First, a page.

Shark Steak Don't Need No Gravy
Back in the days before the shark became an icon of film horror, it was food. Certainly no one ever underestimated the predator, but plenty of other creatures in the water would sting, cut, gnaw or eat one. The ideas was to eat them before they ate you. He who caught then sold or ate them was ahead of the game in the far leaner periods of Charleston's history.
Long before fishing became a sport in our local and off shore waters, it was a means of making a living even one of survival. Throughout our history continuing into the 1950s, the streets of Charleston would ring out with the cries of vendors hawking their fish, shrimp and crabs. They called out, " shrimp man " or " shrimp raw " or otherwise broadcast their catches of that day. They pushed weathered wooden carts through which melting ice dripped to the street. At one corner of the cart would be a davit which suspended a scale and beneath that was the weighing pan. This was their only Point of Sale device. The fish you bought from these fellows was a bit this side of Sashimi grade. Charleston had not yet mounted that high epicurean horse which it rides today.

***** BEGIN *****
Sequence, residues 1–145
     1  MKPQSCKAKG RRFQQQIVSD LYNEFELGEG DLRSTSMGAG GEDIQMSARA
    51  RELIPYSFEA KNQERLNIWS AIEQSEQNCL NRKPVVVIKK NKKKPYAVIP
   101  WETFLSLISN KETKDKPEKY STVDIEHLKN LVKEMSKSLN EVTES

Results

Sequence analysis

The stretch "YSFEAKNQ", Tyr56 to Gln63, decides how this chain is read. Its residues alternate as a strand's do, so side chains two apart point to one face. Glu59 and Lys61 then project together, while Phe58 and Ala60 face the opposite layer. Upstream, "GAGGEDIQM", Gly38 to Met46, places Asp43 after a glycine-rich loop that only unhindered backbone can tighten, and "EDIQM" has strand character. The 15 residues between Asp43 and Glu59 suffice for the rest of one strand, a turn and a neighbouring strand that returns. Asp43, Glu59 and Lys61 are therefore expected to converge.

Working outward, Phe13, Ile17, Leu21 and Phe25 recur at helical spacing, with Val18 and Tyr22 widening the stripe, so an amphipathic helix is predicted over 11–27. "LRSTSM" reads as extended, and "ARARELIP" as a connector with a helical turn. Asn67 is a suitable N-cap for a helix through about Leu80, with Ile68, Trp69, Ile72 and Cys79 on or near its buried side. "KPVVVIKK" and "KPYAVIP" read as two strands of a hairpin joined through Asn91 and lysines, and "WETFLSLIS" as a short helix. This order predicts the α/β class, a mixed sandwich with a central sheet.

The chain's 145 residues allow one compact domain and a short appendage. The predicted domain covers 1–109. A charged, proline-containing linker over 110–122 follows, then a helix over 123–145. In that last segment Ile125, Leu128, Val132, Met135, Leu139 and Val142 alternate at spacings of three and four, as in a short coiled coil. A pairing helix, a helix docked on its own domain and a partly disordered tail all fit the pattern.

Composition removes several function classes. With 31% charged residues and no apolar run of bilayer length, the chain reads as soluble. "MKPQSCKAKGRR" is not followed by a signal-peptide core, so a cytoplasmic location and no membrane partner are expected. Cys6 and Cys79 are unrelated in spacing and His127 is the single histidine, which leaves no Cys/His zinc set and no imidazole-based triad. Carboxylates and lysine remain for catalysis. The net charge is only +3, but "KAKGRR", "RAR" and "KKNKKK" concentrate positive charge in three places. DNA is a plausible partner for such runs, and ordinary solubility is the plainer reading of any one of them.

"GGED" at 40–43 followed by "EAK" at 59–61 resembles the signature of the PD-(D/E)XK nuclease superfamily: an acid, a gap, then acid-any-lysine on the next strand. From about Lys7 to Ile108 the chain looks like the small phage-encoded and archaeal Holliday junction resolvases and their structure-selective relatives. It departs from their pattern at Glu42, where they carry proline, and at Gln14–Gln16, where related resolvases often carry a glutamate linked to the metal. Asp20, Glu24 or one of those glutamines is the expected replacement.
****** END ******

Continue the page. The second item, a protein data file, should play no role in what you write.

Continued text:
One of the well known promotional jingles held that:
"Shark steak don't need no gravy,
Put 'em in the pot,
They make they own.."
Fashion often shifts the trends in our preferred foods, but in some neighborhoods old tastes endure. In the photo C&J Pantry on Spruill Avenue still keeps the faith. Consider CJ's as one of the last outposts.